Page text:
Since August, I have regularly commented on the lack of technological proficiency exhibited by the McCain campaign. Apparently, the technological bungling hasn’t stopped.

Sarah Lai Stirland’s October piece in Wired magazine, describing how the Obama campaign leveraged its technological advantage, also highlighted the technological ineptness of the McCain campaign.

Like Obama, the RNC and the McCain campaign offer supporters their own set of social networking tools. But volunteers in Florida say they generally don’t use the sites. Harout Samra, chairman of the Florida College Republicans, notes that McCain launched his services — McCainSpace and McCain Nation — relatively late in the campaign, and Samra and his fellow organizers had already gotten used to relying on Facebook and Storm, the College Republicans’ social networking tool.

“Some of it is just repetitive, without adding much value,” says Samra, a 25-year-old University of Miami law student. “I really don’t have time to learn how to use something new.”

Even McCain supporters readily acknowledge Obama’s superior online organizing.

“I will just say that they’ve done a great job reaching out to young people,” says 20-year-old Justin York, Central Florida chairman of Students for McCain. “I do have a lot of respect for whoever cooked up their operation, because it’s an impressive machine that they have built among young people…. We don’t have anything nearly as advanced as the Obama campaign.”

It’s a sentiment expressed by McCain supporters in other demographics.

“I’m afraid we’re not that sophisticated,” says Judy Wise, a retiree in Plant City. Wise is a lifelong Republican who volunteers three full days of her week for the McCain campaign. She manages McCain’s Plant City office, where volunteers use the RNC’s Voter Vault for phone banks, but not for neighborhood canvasses.

“It would be nice to know who the undecideds are,” she says. “You don’t want to waste your time on those people who are already voting for McCain, or those who have already made their minds up on Barack Obama.”

“We’ve probably called every Republican in Orange County at least twice,” says the College Republicans’ York. “Some people tell us politely that they’ve been called, but others shout: ‘This is the third time I’ve been called, and if you call again, I’m going to change my vote!'”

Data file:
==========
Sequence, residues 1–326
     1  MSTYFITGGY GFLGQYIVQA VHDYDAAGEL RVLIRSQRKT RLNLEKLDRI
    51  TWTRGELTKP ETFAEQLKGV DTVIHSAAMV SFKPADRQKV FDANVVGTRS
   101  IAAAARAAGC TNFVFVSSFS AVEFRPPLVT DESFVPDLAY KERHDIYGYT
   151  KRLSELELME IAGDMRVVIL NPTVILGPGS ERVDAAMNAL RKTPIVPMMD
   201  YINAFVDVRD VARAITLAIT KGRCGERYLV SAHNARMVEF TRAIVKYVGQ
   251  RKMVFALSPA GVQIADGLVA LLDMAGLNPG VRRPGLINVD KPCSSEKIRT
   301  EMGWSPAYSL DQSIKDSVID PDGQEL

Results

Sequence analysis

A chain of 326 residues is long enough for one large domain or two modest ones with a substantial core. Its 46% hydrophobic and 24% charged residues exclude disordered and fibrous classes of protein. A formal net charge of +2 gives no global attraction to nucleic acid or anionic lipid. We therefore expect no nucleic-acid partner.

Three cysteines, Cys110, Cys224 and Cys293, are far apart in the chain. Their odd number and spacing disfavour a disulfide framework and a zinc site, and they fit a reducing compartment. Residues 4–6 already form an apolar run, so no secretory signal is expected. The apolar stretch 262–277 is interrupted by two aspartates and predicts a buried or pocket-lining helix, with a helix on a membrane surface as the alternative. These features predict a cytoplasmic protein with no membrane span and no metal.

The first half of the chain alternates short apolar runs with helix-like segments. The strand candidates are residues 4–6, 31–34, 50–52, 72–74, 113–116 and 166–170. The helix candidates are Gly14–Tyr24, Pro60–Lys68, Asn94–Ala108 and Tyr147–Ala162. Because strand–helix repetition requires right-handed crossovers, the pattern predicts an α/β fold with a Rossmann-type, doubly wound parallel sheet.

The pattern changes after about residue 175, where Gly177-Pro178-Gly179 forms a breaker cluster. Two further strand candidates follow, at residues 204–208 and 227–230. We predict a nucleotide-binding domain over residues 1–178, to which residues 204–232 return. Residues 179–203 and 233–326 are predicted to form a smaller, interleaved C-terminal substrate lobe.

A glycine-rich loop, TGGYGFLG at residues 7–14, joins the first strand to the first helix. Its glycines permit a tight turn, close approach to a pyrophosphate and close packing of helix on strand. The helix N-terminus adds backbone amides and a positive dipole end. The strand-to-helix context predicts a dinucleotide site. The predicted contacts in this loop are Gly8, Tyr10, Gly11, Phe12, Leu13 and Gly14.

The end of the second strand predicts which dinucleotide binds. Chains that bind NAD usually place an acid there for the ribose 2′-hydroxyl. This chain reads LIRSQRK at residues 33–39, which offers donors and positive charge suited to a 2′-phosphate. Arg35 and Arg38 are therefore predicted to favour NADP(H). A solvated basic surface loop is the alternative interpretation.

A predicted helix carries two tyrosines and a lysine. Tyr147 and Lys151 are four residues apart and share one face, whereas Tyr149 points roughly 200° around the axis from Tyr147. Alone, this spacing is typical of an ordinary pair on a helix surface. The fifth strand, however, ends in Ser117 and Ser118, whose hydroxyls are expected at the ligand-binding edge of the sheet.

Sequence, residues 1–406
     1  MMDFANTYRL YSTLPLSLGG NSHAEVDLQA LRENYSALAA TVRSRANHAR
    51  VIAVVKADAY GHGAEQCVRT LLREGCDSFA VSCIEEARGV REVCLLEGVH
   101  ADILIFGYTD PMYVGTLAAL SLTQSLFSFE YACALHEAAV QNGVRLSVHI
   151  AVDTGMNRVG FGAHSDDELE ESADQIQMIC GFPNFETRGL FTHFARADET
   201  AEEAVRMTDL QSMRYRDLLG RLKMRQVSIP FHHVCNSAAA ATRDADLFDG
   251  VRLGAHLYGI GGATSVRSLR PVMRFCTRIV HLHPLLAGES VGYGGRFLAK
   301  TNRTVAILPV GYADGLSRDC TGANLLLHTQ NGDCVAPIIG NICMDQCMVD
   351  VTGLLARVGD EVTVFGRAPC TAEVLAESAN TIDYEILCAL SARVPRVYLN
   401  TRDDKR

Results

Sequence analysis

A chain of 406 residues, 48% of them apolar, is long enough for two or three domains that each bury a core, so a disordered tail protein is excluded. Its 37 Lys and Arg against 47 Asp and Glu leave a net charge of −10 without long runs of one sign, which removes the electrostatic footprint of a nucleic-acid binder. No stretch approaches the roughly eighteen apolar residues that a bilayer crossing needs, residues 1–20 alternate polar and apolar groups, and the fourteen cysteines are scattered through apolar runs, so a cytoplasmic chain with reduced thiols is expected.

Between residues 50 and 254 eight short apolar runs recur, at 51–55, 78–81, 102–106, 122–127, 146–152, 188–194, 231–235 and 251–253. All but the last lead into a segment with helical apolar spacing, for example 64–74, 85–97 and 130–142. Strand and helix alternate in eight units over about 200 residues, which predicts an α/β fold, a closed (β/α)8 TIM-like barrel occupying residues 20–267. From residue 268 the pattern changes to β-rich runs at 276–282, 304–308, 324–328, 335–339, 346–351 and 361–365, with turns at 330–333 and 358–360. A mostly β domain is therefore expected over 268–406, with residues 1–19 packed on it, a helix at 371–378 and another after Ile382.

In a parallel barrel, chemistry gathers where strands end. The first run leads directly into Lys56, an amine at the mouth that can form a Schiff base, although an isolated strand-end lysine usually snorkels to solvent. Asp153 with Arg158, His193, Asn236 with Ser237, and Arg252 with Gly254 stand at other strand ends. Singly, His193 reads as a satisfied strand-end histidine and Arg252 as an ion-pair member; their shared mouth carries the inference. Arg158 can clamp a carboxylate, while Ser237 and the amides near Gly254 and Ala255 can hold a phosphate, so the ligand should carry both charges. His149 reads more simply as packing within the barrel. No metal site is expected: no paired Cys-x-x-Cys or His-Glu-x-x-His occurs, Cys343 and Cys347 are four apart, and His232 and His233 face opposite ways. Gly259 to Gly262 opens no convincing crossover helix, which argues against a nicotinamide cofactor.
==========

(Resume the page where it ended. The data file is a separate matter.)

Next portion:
And so we all know what happened on November 4th. On the shoulders of millions of online supporters and donors — many of which were recruited and welcomed thanks to the Obama’s extensive technological outreach — Obama routed McCain to become the 44th President-elect of the United States of America. After the election, whether it was a matter of not knowing how to do it or sheer laziness, the information on campaign aides’ Blackberries remained on the devices — including the personal contact information of a plethora of reporters, political operatives, politicians, and others. And the Blackberries were sold in a firesale.

An enterprising DC television reporter named Tisha Thompson picked a couple up, and a story was born.

When we charged them up in the newsroom, we found one of the $20 Blackberry phones contained more than 50 phone numbers for people connected with the McCain-Palin campaign, as well as hundreds of emails from early September until a few days after election night.

We traced the Blackberry back to a staffer who worked for “Citizens for McCain,” a group of democrats who threw their support behind the Republican nominee. The emails contain an insider’s look at how grassroots operations work, full of scheduling questions and rallying cries for support.

(Given the success — or lack thereof — of the McCain campaign and incidents like this, anyone thinking of using these devices to see how grassroots operations really work might want to reevaluate that thought.)

“Somebody made a mistake,” one owner told us. “People’s numbers and addresses were supposed to be erased.”

“They should have wiped that stuff out,” another said. But he added, “Given the way the campaign was run, this is not a surprise.”

We called the McCain-Palin campaign, who says, “it was an unfortunate staff error and procedures are being put in place to ensure all information is secure.”

This story is a funny one, but getting serious for one second, it’s a very good thing Barack Obama won. Apparently not only did McCain not understand technology, but his staff — the people that likely would have gone to the White House with him — apparently didn’t have any technological appreciation or common sense either. It’s just one more nugget to remind us to count our blessings and appreciate our competent campaign.

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